"The women I studied celebrated motherhood by including their close friends and families in the early milestones of parenthood. They were not mother and child against the world but part of a broader group of people chosen–and willing–to support them."

Drexler holds up a wide collection of males–"grandfathers, godfathers, uncles, family friends, coaches"–who can stand in as fathers for the boys of single mother households. Yet while those serving in social nests or as father figures can certainly be positives for children, they usually have little real stake in a child’s life, and are a poor substitute for a father’s love and devotion to his children.

One of Hertz’s interviewees, Melissa, had kids via a sperm donor. She says that when her kids ask where their father is, she’ll "just tell them the basics, which is ‘your father is in California.’" Another interviewee, Joy, wanted a known donor to be the "father" of her fatherless baby, but was reminded that this could create legal complications. “I could not imagine having a known donor who was not also a dad to my child,” she told Hertz. Her solution? “I decided to use an anonymous donor,” she explains.

Hertz, Drexler and mothers like Melissa and Joy fail to understand how powerfully children hunger for their fathers. For example, famed athlete Bo Jackson devoted the first chapter of his autobiography Bo Knows Bo not to his many achievements, but instead to the father he didn’t have. Jackson’s angry, unhappy childhood was defined by his father hunger. He explained that when he wanted something, "I could beat on other kids and steal…[but] I couldn’t steal a father. I couldn’t steal a father’s hug when I needed one." Jackson saw his older brother go to a penal institution, feared he would end up there as well, and longed for the strong hand a father provides.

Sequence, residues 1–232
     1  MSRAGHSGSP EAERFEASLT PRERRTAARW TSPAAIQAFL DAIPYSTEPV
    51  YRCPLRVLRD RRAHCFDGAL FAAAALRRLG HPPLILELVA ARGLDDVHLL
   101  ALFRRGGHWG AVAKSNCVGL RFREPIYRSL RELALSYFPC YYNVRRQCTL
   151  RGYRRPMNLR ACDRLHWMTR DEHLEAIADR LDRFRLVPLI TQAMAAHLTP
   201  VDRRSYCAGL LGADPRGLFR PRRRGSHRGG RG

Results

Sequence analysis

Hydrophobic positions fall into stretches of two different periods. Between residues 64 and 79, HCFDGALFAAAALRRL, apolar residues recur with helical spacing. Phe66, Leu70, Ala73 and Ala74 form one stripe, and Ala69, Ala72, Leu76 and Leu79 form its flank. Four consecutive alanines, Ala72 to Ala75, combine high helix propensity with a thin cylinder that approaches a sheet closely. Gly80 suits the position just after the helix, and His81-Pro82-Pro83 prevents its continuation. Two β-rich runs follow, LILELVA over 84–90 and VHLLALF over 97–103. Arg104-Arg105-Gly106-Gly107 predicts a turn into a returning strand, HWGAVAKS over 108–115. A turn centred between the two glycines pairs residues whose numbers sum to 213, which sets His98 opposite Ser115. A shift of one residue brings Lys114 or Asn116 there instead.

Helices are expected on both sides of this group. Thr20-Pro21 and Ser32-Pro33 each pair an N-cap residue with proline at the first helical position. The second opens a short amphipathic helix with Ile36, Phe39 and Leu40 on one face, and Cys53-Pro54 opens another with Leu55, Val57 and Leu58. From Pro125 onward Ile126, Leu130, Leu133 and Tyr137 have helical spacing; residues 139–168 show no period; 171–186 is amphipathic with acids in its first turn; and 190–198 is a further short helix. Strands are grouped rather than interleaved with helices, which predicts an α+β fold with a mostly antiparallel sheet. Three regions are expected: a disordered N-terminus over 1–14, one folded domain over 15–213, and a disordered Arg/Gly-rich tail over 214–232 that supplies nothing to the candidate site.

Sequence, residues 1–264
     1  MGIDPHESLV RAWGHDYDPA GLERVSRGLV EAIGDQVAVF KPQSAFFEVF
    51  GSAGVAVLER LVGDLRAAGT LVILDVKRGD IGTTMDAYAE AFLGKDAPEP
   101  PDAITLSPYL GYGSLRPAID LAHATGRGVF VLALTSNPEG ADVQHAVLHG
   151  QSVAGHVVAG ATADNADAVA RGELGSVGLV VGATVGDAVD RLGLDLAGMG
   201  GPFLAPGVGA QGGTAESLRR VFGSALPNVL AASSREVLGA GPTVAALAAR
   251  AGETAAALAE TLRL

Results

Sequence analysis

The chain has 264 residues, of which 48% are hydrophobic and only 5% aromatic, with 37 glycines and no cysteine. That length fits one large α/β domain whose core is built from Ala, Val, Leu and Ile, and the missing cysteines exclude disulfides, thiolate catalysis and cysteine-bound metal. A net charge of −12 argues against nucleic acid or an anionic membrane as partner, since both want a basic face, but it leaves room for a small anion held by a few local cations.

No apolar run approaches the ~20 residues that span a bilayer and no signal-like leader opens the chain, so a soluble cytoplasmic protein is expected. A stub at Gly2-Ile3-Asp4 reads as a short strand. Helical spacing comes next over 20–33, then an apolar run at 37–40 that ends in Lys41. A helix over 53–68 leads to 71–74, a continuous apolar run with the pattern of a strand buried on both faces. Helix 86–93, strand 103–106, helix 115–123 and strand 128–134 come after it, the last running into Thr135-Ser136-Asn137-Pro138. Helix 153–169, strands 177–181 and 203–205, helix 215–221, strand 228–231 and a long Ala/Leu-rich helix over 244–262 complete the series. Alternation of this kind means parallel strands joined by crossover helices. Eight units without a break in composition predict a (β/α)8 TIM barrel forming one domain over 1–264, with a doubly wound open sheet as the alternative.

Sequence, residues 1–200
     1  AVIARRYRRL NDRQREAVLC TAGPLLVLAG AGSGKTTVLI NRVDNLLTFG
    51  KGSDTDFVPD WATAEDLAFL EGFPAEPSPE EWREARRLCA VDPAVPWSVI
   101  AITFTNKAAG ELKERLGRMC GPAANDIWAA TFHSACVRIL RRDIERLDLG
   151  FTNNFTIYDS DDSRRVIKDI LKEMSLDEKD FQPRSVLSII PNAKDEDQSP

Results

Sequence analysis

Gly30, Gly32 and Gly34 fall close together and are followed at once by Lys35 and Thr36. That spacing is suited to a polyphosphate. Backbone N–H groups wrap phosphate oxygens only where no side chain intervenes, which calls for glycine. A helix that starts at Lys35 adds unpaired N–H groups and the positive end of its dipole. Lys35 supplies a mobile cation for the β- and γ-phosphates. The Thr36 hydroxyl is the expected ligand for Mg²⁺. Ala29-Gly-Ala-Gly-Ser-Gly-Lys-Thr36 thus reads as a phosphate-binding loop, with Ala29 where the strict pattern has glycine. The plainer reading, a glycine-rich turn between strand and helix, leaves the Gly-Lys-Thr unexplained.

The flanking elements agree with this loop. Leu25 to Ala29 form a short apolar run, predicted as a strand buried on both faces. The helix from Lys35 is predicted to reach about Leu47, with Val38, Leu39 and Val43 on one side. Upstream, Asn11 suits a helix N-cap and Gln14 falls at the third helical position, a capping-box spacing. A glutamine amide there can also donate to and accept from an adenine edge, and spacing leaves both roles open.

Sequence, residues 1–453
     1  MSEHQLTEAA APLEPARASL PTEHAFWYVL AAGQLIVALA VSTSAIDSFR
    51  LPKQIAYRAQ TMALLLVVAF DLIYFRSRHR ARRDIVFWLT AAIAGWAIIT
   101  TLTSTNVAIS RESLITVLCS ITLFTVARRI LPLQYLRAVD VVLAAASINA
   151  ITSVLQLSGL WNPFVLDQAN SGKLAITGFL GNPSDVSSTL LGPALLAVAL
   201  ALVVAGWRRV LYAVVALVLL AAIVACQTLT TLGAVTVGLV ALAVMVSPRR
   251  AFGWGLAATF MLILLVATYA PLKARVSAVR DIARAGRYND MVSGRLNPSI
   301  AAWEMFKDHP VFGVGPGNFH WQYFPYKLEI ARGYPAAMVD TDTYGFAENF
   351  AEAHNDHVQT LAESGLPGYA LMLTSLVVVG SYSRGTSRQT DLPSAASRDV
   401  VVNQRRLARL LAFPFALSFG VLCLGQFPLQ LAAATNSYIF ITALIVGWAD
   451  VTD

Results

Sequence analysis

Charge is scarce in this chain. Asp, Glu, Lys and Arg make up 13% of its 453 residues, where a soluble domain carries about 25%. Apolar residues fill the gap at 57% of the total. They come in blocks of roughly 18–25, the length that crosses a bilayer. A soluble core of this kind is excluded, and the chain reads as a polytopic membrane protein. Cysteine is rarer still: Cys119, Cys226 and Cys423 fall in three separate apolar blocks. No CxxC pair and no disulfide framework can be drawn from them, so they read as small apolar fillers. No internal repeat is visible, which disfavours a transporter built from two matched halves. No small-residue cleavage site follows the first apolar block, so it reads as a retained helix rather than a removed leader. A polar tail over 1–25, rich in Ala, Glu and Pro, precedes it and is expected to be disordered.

In Whatever Happened to Daddy’s Little Girl?, award-winning journalist Jonetta Rose Barras describes her fatherless childhood as "one long, empty night." After her parents broke up, she explains:

"I missed him desperately…he made me feel loved; he made me feel wanted… sometimes I sat on a bench or on the curb, like a lost, homeless child. I waited for [dad] to drive through, recognize me, and take me with him. On the bus, I searched each man’s features; I did not want mistakenly to pass him."

Hertz, Drexler and the mothers they interviewed are equally in the dark as to the immense benefits reaped by the children who do have fathers in their lives. MSNBC anchor Tim Russert wrote the book Big Russ and Me about his father in 2004, and says he soon received an "avalanche" of letters from men and women who wanted to tell him about their own dads. Russert’s current bestseller Wisdom of Our Fathers: Lessons and Letters from Daughters and Sons was drawn from those 60,000 letters. The letter writers remembered their fathers as strong, devoted, honorable–and central to their lives. What particularly struck Russert was the overwhelming outpouring of love from women towards their fathers.

These sentiments wouldn’t surprise Nobel-Prize winning novelist Toni Morrison. When asked how she became a great writer–what books she had read and what methods she had used–she replied:

"That is not why I am a great writer. I am a great writer because when I was a little girl and walked into the room where my father was sitting, his eyes would light up. That is why I am a great writer. That is why. There isn’t any other reason."

Men are often stereotyped as fearing commitment, and it is they who are usually blamed for the divorce revolution. However, it is mothers, not fathers, who initiate most divorces involving children. In some cases, these mothers have ample justification. In others, however, they hesitate to make the compromises and do the hard work to make the relationship work, and can’t or won’t recognize that their children need their fathers in their lives. In fact, according to research conducted by Joan Berlin Kelly, author of Surviving the Break-up, 50 percent of divorced mothers claim to "see no value in the father’s continued contact with his children after a divorce."

These attitudes can be very destructive. At the core of Hertz’s and Drexler’s work is a “you go girl” belief that mothers can do it alone and always know best. That’s not what’s best for children.